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Acute-Care Hospitals Facing Shortage of Beds

August 21, 1986

Los Angeles County's acute-care hospitals are experiencing a paucity of available beds as a result of summertime staff shortages and a seasonally higher patient load, officials said Wednesday, adding that they are trying to recruit enough nurses to ease the problem.

A spokeswoman for the county Department of Health Service denied a report Wednesday that patients going directly to county hospitals are being put into temporary beds in the halls.

Paul Drozd, executive director of County-USC Medical Center, agreed with that spokeswoman, saying he knows of no patients being quartered in the hallways. That happens occasionally, he said, particularly at Women's Hospital, when there are an unusually high number of baby deliveries. But "when we do that, we automatically notify the state Department of Health," he said.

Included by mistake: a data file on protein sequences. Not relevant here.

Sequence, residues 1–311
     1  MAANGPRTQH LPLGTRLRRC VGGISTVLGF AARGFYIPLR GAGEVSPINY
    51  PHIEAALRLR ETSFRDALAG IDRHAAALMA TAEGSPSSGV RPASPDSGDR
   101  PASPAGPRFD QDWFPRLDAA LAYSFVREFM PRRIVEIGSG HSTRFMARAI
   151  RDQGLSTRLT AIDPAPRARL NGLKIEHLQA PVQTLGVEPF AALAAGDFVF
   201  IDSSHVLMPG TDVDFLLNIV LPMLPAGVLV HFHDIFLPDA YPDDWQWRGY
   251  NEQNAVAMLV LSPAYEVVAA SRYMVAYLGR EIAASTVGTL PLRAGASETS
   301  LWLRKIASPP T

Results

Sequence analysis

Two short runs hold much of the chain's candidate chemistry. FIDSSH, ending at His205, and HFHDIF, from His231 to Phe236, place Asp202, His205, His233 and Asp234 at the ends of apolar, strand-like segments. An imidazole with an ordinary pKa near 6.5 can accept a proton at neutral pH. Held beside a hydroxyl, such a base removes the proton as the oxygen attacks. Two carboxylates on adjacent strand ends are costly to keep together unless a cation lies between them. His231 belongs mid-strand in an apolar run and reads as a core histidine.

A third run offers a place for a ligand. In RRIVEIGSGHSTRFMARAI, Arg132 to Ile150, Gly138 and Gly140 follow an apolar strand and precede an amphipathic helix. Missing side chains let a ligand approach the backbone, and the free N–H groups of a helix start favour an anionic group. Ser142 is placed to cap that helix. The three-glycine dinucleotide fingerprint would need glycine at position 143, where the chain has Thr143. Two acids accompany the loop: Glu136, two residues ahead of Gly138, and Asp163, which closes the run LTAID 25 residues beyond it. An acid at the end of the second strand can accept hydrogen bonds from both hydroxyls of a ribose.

Staffing Shortage Cited

Drozd said the county's hospitals normally accept 400 to 500 referrals a week from private or community hospitals but that in the last week they have been unable to accommodate about 100 referrals because of the staffing shortage.

He said the county already has recruited enough nurses to open up 10 more beds and will probably have another 16 or so open within "the next couple of days" and more than 20 more in a week. Drozd said he does not expect the high volume of patients at the county's acute hospitals--County-USC, Martin Luther King, Harbor-UCLA and Olive View--to last beyond mid-September.

He said that although the county's hospitals did not face the same situation last year, they did in both 1983 and 1984.

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